The bill preserves religious freedom and protects lesbian, gay, bisexual, transgender (LGBT) people from discrimination

The Church of Jesus Christ of Latter-day Saints expressed support Friday for the federal Fairness for All Act introduced at the U.S. Capitol Building in Washington, D.C. by nine members of Congress from seven states. The Church joins a broad coalition of bill supporters, including the Seventh-day Adventist Church, the 1st Amendment Partnership, the American Unity Fund, the Council for Christian Colleges & Universities and the Center for Public Justice.

The following is the Church’s full statement:

The Church of Jesus Christ of Latter-day Saints commends the introduction of federal legislation that seeks to preserve religious freedom and protect LGBT individuals from discrimination. We’re grateful for the leadership of Utah Representative Chris Stewart and other congressional supporters of this cause. The nation is more united when diverse individuals and groups can work cooperatively to advance sound policy. Alongside other religious organizations and denominations and important leaders of the LGBT community, the Church endorses this balanced approach that fosters greater fairness for all.

The Church backed a fairness for all approach to legislation in 2015 when it supported a bill passed in the Utah legislature that both protected religious freedom and banned discrimination in housing and employment against LGBT people.

Elder Ronald A. Rasband of the Quorum of the Twelve Apostles and Elder Jack N. Gerard of the Seventy joined coalition members at a news conference at the Utah Capitol to promote the bill on Monday, December 9, 2019.

“Many today are understandably concerned about increased political divisions within our society,” said Elder Gerard, executive director of the Church’s Communication Department. “The kind of judicious approach that is on display here today, the kind of cooperation and collaborative spirit, should give us all a little more hope, particularly at this time of year. The work of this group is a testament that we are all more united when diverse individuals come together to advance a balanced approach that fosters fairness for all.”

Read the full text of the Church Newsroom Article published Friday, December 6

According to Deseret News,

The Fairness for All Act will face an uphill battle in Congress, as well as pushback from prominent LGBTQ rights groups and some religious leaders who object to the bill’s approach. But its supporters hope, at the very least, it will contribute to more constructive debates.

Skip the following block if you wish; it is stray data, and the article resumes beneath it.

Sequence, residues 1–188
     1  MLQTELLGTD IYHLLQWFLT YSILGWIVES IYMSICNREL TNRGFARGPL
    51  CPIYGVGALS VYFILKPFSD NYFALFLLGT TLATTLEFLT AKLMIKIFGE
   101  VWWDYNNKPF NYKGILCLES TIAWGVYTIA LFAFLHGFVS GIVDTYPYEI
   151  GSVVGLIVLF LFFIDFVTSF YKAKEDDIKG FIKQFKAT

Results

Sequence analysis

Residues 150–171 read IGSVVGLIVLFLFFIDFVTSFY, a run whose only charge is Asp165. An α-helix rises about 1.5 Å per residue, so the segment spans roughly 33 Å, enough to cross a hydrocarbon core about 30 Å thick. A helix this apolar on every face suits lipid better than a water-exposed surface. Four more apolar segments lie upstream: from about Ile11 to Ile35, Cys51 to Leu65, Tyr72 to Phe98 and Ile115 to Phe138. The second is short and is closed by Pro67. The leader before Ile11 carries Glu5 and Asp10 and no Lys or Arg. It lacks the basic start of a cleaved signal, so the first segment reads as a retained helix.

What’s the Difference Between the Fairness for All Act and the Equality Act?

Under the Fairness for All Act, it would be illegal for an employer to fire someone for being gay or a landlord to kick someone out of their apartment for being transgender. But at the same time, it would also be illegal to revoke a church’s tax-exempt status if the pastor preaches that same-sex marriage is a sin or prevent faith-based organizations from participating in federal funding programs.

The House of Representatives passed similar legislation earlier this year, called the Equality Act, which also aims to add sexual orientation and gender identity to the list of characteristics protected under existing civil rights law.

According to Schultz, who is president of the 1st Amendment Partnership and served as an adviser for the bill, the Fairness for All Act

“It’s very much like the Equality Act in terms of what it gives to LGBT individuals, but unlike the Equality Act in that it also provides very robust protections for religious individuals and institutions…

…The Fairness for All Act is an effort to show that it’s possible to protect members of the LGBTQ community and religious freedom at the same time.”

The Fairness for All Act is the result of more than three years of dialogue between a diverse coalition of legal experts, LGBTQ rights activists and religious organizations, including representatives from the Seventh-day Adventist Church, the Council for Christian Colleges and Universities, 1st Amendment Partnership, the National Association of Evangelicals and The Church of Jesus Christ of Latter-day Saints. The most prominent LGBTQ organization involved is the American Unity Fund, which is politically conservative.

Read the full text of the Fairness for All Act (FFA), H.R. 5331.

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